Students Learn About Cancer Research

Article and Photos by Stephanie Mayer, ’17

According to the National Cancer Institute, 39.4 percent of men and women will have some form of cancer in their lifetimes. Cancer spreads rapidly because it bypasses natural cell death or apoptosis. This devastating disease is tricky to treat, which is why many professional organizations spend millions of dollars researching different drugs that are aimed at stopping cancer.

This statistic illustrates the relevance of cancer research and chemotherapy testing. In response to this ever-growing epidemic, St. Mary’s Dominican High School’s Biology II Honors class, led by biology teacher Janine Koenig, recreated an example of experiments used to do cancer research. They tested two new compounds that have the ability to accelerate cell death and could be possibly used as cancer fighting drugs. “If my students already understand this and are doing this research in high school,” said Koenig, “maybe they will one day be the researchers or doctors who help win the war against cancer.”

The experiment featured spectrophotometers and lysate solutions borrowed from Louisiana State University Medical Center and Ochsner Medical Center, as part of Dominican’s participation in BEST (Bioscience Enrichment for Students and Teachers) Science! The objective of BEST Science! is to advance an interest among New Orleans area high school students in biomedical research and health sciences and to ultimately stimulate further education and vocation in these areas. BEST Science! is a partnership between Louisiana State University Health Sciences Center in New Orleans, Ochsner and local school districts.

Spectrophotometers have the ability to measure the wavelength of light that a substance absorbs. These instruments are vitally important to this type of experiment because they measure the amount of light absorbed by the Caspase3 protein, an indicator of drug effectiveness.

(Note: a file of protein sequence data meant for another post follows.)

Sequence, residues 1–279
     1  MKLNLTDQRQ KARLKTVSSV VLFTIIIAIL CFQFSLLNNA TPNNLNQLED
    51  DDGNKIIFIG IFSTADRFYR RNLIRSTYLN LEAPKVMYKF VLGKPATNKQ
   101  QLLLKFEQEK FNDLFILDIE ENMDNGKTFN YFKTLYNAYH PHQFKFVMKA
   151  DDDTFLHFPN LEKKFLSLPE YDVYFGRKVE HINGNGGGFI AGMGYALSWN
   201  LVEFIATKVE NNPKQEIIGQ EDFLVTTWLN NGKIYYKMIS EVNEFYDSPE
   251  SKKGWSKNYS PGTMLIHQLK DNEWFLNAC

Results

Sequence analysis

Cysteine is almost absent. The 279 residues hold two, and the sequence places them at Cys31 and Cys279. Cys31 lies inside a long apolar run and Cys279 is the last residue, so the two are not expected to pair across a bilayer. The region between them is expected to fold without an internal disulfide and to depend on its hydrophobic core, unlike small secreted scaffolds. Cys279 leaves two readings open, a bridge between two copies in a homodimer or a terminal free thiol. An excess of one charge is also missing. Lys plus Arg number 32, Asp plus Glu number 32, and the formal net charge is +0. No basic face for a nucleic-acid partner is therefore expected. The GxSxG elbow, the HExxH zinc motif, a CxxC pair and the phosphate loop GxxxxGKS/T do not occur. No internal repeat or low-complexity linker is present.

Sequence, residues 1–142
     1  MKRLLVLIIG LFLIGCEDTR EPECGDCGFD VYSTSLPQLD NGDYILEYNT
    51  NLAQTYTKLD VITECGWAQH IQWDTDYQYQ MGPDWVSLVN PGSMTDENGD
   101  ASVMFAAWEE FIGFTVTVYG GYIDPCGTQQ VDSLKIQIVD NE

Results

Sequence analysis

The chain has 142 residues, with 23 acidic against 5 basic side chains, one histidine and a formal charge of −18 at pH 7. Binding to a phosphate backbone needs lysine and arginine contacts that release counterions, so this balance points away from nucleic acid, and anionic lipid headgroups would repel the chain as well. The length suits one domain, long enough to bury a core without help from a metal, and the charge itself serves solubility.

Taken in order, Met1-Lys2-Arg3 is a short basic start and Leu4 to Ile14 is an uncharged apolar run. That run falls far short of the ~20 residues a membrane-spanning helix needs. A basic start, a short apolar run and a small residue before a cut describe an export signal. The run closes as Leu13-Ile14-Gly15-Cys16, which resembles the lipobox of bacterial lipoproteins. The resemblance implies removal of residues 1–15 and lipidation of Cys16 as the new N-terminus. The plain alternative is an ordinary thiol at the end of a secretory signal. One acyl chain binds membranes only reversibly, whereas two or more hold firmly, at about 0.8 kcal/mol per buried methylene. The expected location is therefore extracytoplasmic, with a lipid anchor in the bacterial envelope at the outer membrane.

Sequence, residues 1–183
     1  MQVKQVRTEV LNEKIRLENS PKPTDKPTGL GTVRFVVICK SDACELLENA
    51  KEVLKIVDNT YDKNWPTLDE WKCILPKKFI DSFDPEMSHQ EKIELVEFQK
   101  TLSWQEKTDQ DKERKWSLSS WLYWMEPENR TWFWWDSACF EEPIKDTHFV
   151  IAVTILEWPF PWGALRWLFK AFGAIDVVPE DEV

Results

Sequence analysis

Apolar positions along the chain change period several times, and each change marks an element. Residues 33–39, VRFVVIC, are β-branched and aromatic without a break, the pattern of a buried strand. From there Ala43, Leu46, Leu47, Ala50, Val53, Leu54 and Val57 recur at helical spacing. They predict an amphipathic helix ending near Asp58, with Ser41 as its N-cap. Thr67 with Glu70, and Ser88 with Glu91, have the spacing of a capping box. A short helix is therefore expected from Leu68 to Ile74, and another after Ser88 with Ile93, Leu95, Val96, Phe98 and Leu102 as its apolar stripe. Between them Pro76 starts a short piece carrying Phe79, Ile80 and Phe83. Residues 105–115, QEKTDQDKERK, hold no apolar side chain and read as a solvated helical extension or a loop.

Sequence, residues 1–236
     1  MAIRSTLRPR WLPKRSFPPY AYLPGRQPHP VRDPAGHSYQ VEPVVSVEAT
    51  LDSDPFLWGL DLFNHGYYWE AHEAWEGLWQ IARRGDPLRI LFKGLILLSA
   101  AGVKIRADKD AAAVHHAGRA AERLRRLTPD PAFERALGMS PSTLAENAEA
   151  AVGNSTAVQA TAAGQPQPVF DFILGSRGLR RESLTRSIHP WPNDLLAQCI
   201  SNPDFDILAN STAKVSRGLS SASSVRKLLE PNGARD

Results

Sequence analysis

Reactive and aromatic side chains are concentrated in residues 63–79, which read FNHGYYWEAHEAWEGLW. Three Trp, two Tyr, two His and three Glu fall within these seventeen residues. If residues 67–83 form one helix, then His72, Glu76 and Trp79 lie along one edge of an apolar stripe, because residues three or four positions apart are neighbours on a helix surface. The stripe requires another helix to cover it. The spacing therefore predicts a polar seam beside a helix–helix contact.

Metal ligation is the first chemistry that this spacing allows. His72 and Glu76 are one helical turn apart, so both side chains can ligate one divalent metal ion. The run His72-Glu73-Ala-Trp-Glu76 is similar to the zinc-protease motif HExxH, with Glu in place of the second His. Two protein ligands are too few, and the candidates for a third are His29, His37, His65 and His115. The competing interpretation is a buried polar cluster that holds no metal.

“It was amazing that we were able to work with this type of professional equipment, especially since this is our first year working with the spectrophotometers,” said senior Sofia Rodriguez.

Before the experiment began, the students required:

  • a negative control which were cells that have not been pre-treated
  • a positive control that has a high concentration of enzymes that are crucial to cell death
  • lysate from cells treated with the new Compounds 1 and Compound 2, as well as lysate from cells treated with the market drug and lysate from cells treated with a combination of both compounds

Before the spectrophotometer can determine the effectiveness of the compound, St. Mary’s Dominican High School senior Reice Acosta carefully adds the color substrate in order to change the color of the different compounds. The Biology II Honors class performed this experiment in order to examine a real-world example of compounds that speed up cell death.

Students transferred these cell combinations and placed them in a 24 well plate in order to be organized and observed during the experiment. Next, color substrate was added to each well, which allows a chemical reaction to occur and change the color of the substance. Students then transferred the substances to a cuvette, which is a small container used by the spectrophotometer. Finally, the protein absorbance was processed by the spectrophotometer, and the effectiveness of the drug was determined. The greater the protein’s absorbance level determines the cell death process which is important to eliminate cancer cells.


In order to determine protein absorbance, St. Mary’s Dominican High School juniors (from left) Susan Endom, Katie Mayer and Rebecca Koenig micropipette the compounds into the cuvette container. The Biology II Honors class performed the experiment in the school’s Research Laboratory. The experiment focused on testing compounds that have the possibility to induce cell death and decrease cancer.

The results of the experiment illustrated that cells treated with Compound Two produced more Caspace3 than cells treated with Compound One. The combination of the two compounds was most effective in producing the protein, but may be too toxic for even normal cells. Conducting this experiment, students applied information studied in class by using micropipettes and spectrophotometers.

“Doing this experiment really opened my eyes to how intense the process of curing cancer can get, and this was only a taste of it,” said junior Alison Dupré.

Koenig emphasized the importance of cancer research. “Understanding the mechanisms of cancer allows us to develop new weapons for the war against the disease,” she said.